Terrorist groups seem to be seizing this opportunity to accelerate sectarian and political conflict, as they have in the past, to create openings in which they can operate freely. Sixteen bombings occurred in 11 neighborhoods of Baghdad on December 22, killing scores and wounding hundreds. Most of these neighborhoods had been heavily contested either as Al Qaeda in Iraq safe havens or as sectarian fault lines at the height of the 2006-07 conflict. It is unclear as of this writing who conducted these attacks, but their locations, along with the escalation of tensions in Diyala Province, are likely to be significant accelerants to the renewal of sectarian fighting.
The reemergence of civil war in Iraq would be disastrous for the United States and its allies. It would be an enormous political and moral defeat for the United States and could rapidly expand to spark a regional conflict with the Sunni Arab states led by Saudi Arabia confronting Iran and its proxies in Mesopotamia. It would also very likely shock the oil market, which has been pricing in expected increases in Iraq’s oil production that will very likely be delayed, possibly significantly. Considering that the Obama administration had accepted the European position against sanctioning Iran’s Central Bank for fear that rising oil prices could undermine fragile economic recoveries, the prospect of falling Iraqi oil production should also raise concerns about the well-being of the global economy. State fracture or collapse in Iraq, finally, would create conditions favorable to the reemergence of both Sunni and Shiite militias and terrorist groups, including Al Qaeda in Iraq.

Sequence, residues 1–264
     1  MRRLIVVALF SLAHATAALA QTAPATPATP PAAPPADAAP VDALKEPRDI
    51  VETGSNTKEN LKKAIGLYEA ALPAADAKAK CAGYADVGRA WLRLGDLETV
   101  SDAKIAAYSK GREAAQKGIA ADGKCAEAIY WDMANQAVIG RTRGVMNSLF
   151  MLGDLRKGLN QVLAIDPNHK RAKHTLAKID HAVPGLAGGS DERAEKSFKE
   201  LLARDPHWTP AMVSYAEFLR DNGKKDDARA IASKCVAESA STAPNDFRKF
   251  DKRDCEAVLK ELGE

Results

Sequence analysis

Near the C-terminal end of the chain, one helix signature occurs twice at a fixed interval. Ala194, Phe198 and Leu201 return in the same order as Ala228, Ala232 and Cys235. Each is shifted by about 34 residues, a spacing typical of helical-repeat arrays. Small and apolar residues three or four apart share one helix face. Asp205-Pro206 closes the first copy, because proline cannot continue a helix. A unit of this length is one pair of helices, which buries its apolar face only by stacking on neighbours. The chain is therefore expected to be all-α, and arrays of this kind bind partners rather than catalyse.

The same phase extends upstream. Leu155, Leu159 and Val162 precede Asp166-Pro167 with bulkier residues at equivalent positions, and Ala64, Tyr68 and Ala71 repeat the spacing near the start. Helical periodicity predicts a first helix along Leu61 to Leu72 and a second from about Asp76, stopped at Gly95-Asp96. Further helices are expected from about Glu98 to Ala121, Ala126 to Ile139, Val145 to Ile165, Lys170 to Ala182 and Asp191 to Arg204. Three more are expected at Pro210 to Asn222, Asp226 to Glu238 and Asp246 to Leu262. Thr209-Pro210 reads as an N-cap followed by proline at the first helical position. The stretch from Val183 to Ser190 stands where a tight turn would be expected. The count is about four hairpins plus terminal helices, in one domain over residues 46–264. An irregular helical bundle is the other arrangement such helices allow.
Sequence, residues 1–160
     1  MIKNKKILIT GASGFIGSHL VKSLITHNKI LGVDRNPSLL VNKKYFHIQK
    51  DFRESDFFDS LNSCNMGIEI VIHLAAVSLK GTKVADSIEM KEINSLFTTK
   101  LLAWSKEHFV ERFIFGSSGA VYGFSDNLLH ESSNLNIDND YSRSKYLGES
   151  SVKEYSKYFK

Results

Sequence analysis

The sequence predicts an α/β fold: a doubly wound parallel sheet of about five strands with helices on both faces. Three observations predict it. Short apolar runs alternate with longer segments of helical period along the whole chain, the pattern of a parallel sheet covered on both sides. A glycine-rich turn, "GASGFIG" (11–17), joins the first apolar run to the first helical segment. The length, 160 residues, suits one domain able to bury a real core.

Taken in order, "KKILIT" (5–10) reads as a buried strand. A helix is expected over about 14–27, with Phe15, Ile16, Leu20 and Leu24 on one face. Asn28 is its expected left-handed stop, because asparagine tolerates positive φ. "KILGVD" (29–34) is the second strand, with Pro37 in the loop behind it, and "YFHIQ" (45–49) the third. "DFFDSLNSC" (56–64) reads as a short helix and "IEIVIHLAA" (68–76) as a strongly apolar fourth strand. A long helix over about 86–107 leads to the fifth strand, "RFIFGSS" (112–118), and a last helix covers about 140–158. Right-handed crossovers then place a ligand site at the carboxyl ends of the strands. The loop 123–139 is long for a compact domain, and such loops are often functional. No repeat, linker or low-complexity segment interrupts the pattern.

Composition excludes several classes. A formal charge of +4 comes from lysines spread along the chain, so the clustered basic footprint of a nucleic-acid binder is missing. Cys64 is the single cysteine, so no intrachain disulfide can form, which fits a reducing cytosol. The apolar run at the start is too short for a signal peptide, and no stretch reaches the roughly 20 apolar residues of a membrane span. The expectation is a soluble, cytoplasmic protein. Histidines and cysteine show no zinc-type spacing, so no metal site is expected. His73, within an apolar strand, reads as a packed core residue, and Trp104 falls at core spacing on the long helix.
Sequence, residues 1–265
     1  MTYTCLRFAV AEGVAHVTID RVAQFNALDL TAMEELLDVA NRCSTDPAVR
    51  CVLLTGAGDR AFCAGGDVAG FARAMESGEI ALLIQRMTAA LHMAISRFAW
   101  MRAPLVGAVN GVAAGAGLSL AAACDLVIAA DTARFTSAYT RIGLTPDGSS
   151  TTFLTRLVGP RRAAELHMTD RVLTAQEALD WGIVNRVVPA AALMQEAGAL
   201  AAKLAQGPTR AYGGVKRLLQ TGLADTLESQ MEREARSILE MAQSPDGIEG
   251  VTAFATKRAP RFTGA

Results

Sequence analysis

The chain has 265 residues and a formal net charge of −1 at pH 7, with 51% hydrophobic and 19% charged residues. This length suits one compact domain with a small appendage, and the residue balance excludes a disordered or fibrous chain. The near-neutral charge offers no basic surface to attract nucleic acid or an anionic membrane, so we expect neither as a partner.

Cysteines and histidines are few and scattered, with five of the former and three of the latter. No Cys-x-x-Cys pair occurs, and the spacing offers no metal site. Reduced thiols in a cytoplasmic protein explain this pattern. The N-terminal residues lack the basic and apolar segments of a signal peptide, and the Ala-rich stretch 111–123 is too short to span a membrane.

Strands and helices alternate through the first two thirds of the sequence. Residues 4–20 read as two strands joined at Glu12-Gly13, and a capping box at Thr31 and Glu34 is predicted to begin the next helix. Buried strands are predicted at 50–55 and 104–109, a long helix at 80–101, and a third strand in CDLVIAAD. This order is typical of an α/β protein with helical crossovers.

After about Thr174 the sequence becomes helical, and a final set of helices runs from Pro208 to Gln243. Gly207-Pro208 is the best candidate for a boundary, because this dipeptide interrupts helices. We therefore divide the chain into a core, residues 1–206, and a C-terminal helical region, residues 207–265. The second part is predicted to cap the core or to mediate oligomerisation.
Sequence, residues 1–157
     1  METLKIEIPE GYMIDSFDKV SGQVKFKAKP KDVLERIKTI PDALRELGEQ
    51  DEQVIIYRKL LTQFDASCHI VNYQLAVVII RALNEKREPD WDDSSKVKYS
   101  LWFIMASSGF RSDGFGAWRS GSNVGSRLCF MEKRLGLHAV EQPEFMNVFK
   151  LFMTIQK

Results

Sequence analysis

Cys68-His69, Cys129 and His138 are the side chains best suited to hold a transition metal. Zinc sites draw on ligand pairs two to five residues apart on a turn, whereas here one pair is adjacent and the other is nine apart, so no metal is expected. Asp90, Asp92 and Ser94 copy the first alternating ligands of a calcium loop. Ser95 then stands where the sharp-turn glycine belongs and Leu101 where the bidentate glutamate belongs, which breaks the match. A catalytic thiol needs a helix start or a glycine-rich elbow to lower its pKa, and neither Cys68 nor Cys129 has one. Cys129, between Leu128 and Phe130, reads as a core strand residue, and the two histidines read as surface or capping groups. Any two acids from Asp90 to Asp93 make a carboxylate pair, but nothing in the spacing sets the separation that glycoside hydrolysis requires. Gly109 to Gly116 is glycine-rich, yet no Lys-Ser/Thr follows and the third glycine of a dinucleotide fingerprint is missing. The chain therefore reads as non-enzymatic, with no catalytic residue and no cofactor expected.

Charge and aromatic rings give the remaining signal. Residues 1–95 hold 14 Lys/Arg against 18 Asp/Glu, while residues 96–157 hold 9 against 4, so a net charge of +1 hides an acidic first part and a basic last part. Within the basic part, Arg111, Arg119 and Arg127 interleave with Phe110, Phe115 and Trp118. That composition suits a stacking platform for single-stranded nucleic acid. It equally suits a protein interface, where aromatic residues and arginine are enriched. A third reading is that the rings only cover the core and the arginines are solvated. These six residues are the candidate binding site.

The withdrawal of all American military forces has greatly reduced America’s leverage in Iraq. U.S. military forces were a buffer to prevent political and ethno-sectarian friction from becoming violent by guaranteeing Maliki against a Sunni coup d’état and guaranteeing the Sunnis against a Shiite campaign of militarized repression. The withdrawal of that buffer precipitated this crisis and removed much of our leverage. The withdrawal is complete and unlikely to be reversed. Still, the United States maintains some leverage in Iraq and considerable leverage in the region. The Obama administration will have to use all of its skills to maximize the impact of what leverage it retains.